Monday’s papers: Alex bombing perpetrator announced, and Day of Loyalty vs Day of Anger

All newspapers on Monday, whether local or regional, state or privately-owned, highlight an announcement by Egypt’s Interior Minister Habib Al-Adly accusing the Palestinian “Army of Islam” of perpetrating last month’s bombing of a Coptic church in Alexandria. While delivering a speech to commemorate Egypt's Police Day yesterday, Al-Adly put the blame on the Hamas offshoot for the bombing that targeted Copts leaving the New Year’s Eve mass, killing 24 people. The blast provoked dozens of demonstrations in which Copts accused the government of discriminating against them and not protecting churches well enough.

According to state-owned Al-Ahram, the police arrested one of the masterminds of the attacks, named Ahmed Lotfi Ibrahim Mohamed. The 26-year-old suspect confessed that he went to Gaza in 2008 to meet up with Army of Islam militants, who are believed to be inspired by Al-Qaeda. According to the paper, Army of Islam militants convinced Mohamed that targeting churches and Jewish temples is part of Jihad. In 2010, the Alexandrian young man was asked to determine certain Christian and Jewish houses of worship that could be targeted. In October 2010, the suspect contacted Palestinian militants via the internet, informing them of three possible targets in Alexandria, including two churches and one temple, adds Al-Ahram. While Palestinian militants asked Mohamed to prepare a bomb-laden car to be used in the attack, Mohamed recommended that a suicide bomber blow up himself instead, says Al-Ahram, quoting police sources. 

President Hosni Mubarak congratulated the police apparatus for “succeeding” in discovering the details of the crime, according to Al-Ahram, expressing pride in the police while delivering a speech on the occasion of Police Day. The speech is headlined on Al-Ahram's front page, and the paper leads with an excerpt: “The era of guardianship has gone for good.” Mubarak's commentary comes in response to statements made by foreign countries and organizations urging Egypt to provide more security for Christians following the Alexandria bombing. “Egypt is being targeted and we reject interference from anyone,” Al-Ahram quotes the president as saying.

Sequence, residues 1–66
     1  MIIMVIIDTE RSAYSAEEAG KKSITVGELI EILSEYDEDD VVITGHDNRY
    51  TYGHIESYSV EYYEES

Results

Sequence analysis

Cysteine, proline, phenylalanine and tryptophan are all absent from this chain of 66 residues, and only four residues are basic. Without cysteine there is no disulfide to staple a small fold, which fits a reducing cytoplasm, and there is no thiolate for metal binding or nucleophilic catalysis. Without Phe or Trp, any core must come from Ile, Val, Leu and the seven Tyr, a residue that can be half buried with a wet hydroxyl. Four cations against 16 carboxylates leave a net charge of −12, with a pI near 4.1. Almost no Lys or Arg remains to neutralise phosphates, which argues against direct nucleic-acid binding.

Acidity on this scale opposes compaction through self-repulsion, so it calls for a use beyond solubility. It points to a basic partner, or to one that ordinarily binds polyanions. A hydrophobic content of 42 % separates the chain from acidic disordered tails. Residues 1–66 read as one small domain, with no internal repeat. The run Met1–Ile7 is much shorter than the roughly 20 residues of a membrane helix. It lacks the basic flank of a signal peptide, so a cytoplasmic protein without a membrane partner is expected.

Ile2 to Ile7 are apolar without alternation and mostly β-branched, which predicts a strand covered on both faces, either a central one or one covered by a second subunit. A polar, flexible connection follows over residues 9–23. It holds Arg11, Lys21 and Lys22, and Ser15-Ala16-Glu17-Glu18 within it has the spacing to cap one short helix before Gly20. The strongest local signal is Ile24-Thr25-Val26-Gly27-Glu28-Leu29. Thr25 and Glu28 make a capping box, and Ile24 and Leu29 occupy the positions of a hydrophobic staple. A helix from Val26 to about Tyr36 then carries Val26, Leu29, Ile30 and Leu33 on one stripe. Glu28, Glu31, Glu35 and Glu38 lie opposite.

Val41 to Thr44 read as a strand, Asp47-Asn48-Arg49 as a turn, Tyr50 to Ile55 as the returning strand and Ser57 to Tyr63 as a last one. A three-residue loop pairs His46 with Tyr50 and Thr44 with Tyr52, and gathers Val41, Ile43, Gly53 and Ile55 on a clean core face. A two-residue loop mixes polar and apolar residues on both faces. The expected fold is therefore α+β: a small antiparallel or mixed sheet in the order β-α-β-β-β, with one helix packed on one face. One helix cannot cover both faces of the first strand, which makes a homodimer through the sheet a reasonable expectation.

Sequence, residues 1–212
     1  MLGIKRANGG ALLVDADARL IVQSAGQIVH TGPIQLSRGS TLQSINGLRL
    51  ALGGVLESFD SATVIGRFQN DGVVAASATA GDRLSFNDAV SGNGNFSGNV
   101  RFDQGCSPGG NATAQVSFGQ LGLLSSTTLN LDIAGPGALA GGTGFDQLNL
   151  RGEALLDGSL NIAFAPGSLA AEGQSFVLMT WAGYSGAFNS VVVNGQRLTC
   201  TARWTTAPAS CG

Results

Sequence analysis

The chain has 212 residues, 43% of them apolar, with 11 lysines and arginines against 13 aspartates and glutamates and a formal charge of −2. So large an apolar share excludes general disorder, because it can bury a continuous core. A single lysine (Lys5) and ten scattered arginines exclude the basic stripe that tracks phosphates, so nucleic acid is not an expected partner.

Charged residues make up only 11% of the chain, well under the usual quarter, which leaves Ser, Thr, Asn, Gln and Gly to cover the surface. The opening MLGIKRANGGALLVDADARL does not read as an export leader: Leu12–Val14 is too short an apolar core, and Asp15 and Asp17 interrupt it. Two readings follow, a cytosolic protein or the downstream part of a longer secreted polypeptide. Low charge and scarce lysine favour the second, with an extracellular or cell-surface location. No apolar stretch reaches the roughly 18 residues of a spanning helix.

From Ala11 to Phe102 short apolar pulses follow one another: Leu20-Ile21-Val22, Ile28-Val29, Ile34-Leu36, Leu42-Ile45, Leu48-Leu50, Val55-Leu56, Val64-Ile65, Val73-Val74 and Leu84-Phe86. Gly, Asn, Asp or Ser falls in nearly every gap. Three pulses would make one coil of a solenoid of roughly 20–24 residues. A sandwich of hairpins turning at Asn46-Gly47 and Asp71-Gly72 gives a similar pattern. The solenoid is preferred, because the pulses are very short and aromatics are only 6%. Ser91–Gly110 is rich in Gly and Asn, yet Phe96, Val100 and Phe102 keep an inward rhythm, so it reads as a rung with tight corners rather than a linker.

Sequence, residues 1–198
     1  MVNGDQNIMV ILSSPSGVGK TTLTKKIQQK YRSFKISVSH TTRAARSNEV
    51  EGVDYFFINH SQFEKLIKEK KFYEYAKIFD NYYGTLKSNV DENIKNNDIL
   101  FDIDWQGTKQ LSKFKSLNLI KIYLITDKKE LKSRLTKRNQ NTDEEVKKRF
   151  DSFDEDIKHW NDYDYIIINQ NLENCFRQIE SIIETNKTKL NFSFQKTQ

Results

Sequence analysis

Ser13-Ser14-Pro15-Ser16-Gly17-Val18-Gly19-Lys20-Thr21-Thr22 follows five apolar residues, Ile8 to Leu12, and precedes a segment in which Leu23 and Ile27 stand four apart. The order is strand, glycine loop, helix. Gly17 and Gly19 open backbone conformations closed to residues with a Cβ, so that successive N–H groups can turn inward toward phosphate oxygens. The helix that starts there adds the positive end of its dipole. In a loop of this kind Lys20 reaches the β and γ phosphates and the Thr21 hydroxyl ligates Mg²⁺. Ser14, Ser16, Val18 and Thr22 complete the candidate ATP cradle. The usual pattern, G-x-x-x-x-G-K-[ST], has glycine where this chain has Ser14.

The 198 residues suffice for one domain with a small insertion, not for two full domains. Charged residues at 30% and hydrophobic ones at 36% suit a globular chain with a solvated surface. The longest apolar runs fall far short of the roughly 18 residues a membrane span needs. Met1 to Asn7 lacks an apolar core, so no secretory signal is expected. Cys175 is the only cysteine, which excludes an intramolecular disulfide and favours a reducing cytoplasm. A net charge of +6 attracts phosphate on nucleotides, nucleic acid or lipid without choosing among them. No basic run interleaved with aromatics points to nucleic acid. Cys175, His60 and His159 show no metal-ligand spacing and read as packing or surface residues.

While Al-Ahram highlights the accusations against the radical Palestinian group, there is no mention of a response from the Army of Islam, which is highlighted in the privately-owned Al-Shorouk daily. The paper quotes a group spokesperson as denying the accusation and holding Israelis responsible for the bombing. A similar response came from the Gaza-based Hamas group, according to the pan-Arab daily Al-Hayat. "Despite the bloody confrontations it has had with this organization [Army of Islam] that seeks to establish an Islamic dynasty in Gaza, Hamas denied the accusation leveled against the Army of Islam, contending that there is no presence of Al-Qaeda militants in Gaza and that the pistols of all Palestinian factions are only pointed toward the Zionist enemy,” says Al-Hayat. The Hamas source goes on to say: “The Zionist intelligence body stands behind all these crimes,” according to Al-Hayat.

It's not only Palestinian Islamists who have to defend themselves in today’s papers, but also the western-backed secular Palestinian Authority. On its front page, Al-Shorouk highlights the response of Palestinian President Mahmoud Abbas to the release of 1600 secret documents on Palestinian-Israeli negotiations. Last night, the Doha-based Al Jazeera satellite channel unveiled secret records of Palestinian-Israeli talks which show that the Palestinian Authority allegedly made substantial land concessions to the Israelis in East Jerusalem. Al-Shorouk quotes Abbas as saying: “We have no secrets or documents to hide.”

Away from terror updates and regional politics, Al-Shorouk’s front page announces that the ruling National Democratic Party seek to mobilize half a million of its young members under the slogan of “Day of Loyalty to President Mubarak.” This mobilization comes in response to the “Day of Anger” protests that opposition groups are planning for tomorrow. Inspired by the Tunisian uprising, cyber activists called on Egyptians to take to the streets tomorrow to call for the abolition of the state of emergency, the dismissal of the interior minister and the enforcement of a minimum wage. It is still to be seen whether Egyptians will emulate the Tunisian model tomorrow.

Egypt's papers:

Al-Ahram: Daily, state-run, largest distribution in Egypt

Al-Akhbar: Daily, state-run, second to Al-Ahram in institutional size

Al-Gomhorriya: Daily, state-run

Rose al-Youssef: Daily, state-run, close to the National Democratic Party's Policies Secretariat

Al-Dostour: Daily, privately owned

Al-Shorouk: Daily, privately owned

Al-Wafd: Daily, published by the liberal Wafd Party

Al-Arabi: Weekly, published by the Arab Nasserist party

Youm7: Weekly, privately owned

Sawt al-Umma: Weekly, privately owned

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